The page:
Thursday, June 25, 2020

Toni Morrison

Another heavenly day, mild, sweet. Here's my list for today: 11.15, walk with Ruth. Plant astilbe. Fertilize. Fill bird feeder. Tidy chaos in office. Call about new day-timer. Listen to Toni Morrison radio interview.  Cook something with the tomatoes. Cook the red cabbage. Check in with Monique about her important doctor's appointment and for aperitif. Catch last night's Sam Bee and Colbert with Jon Stewart that I actually PVR'd.

(PS, added later - I completely forgot I'm teaching a Zoom class at 6.30! This is why I need a new daytimer. See below.)

Exciting, no? In between, many emails, blogging, stuff. Endless stuff. It's nearly the end of June! Most of the year so far has been a fog.

But the fog is lifting; was just on Parliament Street, which was bustling, though with lots of masks. Still blessedly quiet, though not as blessed as it was in April, when nothing was moving. Sam started work yesterday, am waiting to hear how it went; he texted, "It's a weird new world," at 10.

Before our Father's Day feast, incidentally, Sam and I had the following text exchange:
Me: I’m not doing anything to the steak or chicken or salmon, assuming we can put something on after barbecuing?

Sam: I don’t know! It’s never been done before, but by god we’ll try. We shall be at the forefront of food exploration. Drizzling sauces on cooked food for the first time, laughing in the face of traditional marinade. Laughing I say!

What a smartass. A bit of respect for your lazy old mum, I say.

Have to confess, I'm grappling a serious new addiction - the garden. I now know how people turn into those boring gardening fanatics, droning on. I go out every morning to inspect, tie up, prune. Smell the roses. Tie up raspberries. And then water, weed, spray bugs, worry. Admire. Fuss.

Watched to the end of Normal People last night, largely because of the young star Paul Mescal, who turned in a phenomenal performance as confused, loving, honest, infuriatingly tongue-tied Conner. The show left me depressed, as did the book, which eventually I skimmed rather than reading. If Maryann and Conner, so obviously soulmates who adore each other and are meant to be together, cannot make it work, what chance is there for the planet? No wonder there will never be peace in the Middle East; human beings are so blind and damaged, they can't see fellowship when it's blooming right under their noses.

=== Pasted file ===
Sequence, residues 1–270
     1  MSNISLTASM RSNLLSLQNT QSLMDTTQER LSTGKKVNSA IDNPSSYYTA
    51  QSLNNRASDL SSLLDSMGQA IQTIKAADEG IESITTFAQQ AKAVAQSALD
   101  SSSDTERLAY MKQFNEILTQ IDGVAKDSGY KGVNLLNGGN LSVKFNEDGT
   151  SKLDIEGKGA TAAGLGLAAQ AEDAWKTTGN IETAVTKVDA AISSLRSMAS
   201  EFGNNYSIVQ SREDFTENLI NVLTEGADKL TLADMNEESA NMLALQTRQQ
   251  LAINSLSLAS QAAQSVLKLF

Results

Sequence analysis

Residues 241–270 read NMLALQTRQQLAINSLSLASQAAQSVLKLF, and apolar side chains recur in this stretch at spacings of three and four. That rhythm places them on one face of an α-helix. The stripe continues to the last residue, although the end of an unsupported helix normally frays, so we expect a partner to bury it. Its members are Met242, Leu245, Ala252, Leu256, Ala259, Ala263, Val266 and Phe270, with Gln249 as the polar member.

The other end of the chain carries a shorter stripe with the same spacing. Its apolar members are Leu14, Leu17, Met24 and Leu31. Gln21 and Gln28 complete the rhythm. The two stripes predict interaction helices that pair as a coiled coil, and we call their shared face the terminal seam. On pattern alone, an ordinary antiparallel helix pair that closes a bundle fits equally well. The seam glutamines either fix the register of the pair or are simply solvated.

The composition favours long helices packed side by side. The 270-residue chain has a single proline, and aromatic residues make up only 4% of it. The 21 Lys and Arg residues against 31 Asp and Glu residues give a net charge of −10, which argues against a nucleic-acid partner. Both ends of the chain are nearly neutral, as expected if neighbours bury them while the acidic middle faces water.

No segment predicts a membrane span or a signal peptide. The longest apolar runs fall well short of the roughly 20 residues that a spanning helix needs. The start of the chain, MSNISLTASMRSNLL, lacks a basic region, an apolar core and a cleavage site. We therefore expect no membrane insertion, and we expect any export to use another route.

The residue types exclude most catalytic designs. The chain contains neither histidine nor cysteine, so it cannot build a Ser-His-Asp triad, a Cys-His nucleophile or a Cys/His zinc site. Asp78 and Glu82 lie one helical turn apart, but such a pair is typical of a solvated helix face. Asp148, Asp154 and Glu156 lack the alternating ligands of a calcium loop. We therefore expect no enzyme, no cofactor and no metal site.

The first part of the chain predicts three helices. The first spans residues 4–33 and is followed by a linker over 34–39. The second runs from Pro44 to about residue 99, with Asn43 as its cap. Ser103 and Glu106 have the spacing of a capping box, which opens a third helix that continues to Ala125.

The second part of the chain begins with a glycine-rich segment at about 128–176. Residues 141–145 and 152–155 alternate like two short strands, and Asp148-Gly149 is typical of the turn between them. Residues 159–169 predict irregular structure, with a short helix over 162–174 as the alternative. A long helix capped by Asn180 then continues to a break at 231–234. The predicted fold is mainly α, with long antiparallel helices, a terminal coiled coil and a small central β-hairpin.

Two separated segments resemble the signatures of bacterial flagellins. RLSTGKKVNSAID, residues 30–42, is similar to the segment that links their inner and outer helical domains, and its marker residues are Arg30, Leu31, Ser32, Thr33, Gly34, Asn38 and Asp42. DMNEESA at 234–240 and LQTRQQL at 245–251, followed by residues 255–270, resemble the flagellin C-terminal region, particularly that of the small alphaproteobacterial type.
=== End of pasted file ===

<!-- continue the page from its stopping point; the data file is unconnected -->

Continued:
But it's the writing that's at fault, and it's what drives me crazy about fiction - the author torturing her characters. So many of the plot turns, driving the two apart, were not credible, were in fact absurd. Oh give them a break, I kept thinking. Two people who love each other that much would break up in ten seconds over a tiny misunderstanding? Really? I don't think so. S and M: the writer put her female character into bondage, but also made us all suffer.

The filmmaking was superb, though, and as I said, talented young Paul reminded me of what it's like to be young and in love. Sigh.
Also saw a fine PBS documentary about Toni Morrison. What an extraordinarily powerful, self-determined woman, from poverty to a Nobel Prize. At one point, she had a full-time job as a New York editor while also teaching at a university and raising two sons as a single mother. Oh yes - and writing a few little books. Now that's a woman who knows how to use her time wisely. Inspiring in every way. Oh yes - and doing all this as an African-American woman, the lowest on the totem pole in those days. Not any more!

She talked about teaching writing, how she'd say to her students, But where are you in this? What were you feeling? Go deeper. Hmmm, I thought. Sounds familiar.

Another confession: I have never read her. On my list.

It's nearly 1. Time's wing├Ęd chariot. Etc.

PS Laywine's, the wonderful pen and paper store, is open, and they have the Quo Vadis Academic Daytimer for 2020-21 in a choice of five colours! I can't live without my daytimer, and the current one is nearly done. Hopping on the bike. My day is made.

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